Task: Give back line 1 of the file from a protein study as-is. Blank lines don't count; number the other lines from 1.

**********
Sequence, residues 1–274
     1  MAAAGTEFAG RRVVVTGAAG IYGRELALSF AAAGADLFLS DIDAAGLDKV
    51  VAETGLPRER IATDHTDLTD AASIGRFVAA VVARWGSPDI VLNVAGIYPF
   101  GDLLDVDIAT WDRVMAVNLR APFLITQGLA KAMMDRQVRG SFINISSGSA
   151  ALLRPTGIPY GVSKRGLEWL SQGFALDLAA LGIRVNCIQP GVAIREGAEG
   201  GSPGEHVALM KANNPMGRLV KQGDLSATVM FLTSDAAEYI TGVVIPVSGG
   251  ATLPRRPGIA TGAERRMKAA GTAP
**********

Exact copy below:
Sequence, residues 1–274